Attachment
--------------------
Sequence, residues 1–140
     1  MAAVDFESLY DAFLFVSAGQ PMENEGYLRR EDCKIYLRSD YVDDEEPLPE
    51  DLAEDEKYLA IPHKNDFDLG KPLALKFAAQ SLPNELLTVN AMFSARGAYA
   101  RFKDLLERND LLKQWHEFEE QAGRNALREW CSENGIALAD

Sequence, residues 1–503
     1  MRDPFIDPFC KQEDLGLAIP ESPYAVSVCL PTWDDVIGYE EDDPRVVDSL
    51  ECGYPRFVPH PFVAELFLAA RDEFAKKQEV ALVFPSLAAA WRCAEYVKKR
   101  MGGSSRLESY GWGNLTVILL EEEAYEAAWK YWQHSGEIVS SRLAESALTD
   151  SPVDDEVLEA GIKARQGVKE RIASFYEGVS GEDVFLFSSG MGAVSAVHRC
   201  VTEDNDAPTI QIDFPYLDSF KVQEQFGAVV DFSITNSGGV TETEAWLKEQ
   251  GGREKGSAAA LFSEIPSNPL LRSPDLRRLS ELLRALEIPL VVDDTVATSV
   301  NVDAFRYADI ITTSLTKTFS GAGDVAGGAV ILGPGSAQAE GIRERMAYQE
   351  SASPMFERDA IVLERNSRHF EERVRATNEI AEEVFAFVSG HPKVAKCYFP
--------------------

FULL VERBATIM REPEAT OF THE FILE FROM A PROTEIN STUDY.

Sequence, residues 1–140
     1  MAAVDFESLY DAFLFVSAGQ PMENEGYLRR EDCKIYLRSD YVDDEEPLPE
    51  DLAEDEKYLA IPHKNDFDLG KPLALKFAAQ SLPNELLTVN AMFSARGAYA
   101  RFKDLLERND LLKQWHEFEE QAGRNALREW CSENGIALAD

Sequence, residues 1–503
     1  MRDPFIDPFC KQEDLGLAIP ESPYAVSVCL PTWDDVIGYE EDDPRVVDSL
    51  ECGYPRFVPH PFVAELFLAA RDEFAKKQEV ALVFPSLAAA WRCAEYVKKR
   101  MGGSSRLESY GWGNLTVILL EEEAYEAAWK YWQHSGEIVS SRLAESALTD
   151  SPVDDEVLEA GIKARQGVKE RIASFYEGVS GEDVFLFSSG MGAVSAVHRC
   201  VTEDNDAPTI QIDFPYLDSF KVQEQFGAVV DFSITNSGGV TETEAWLKEQ
   251  GGREKGSAAA LFSEIPSNPL LRSPDLRRLS ELLRALEIPL VVDDTVATSV
   301  NVDAFRYADI ITTSLTKTFS GAGDVAGGAV ILGPGSAQAE GIRERMAYQE
   351  SASPMFERDA IVLERNSRHF EERVRATNEI AEEVFAFVSG HPKVAKCYFP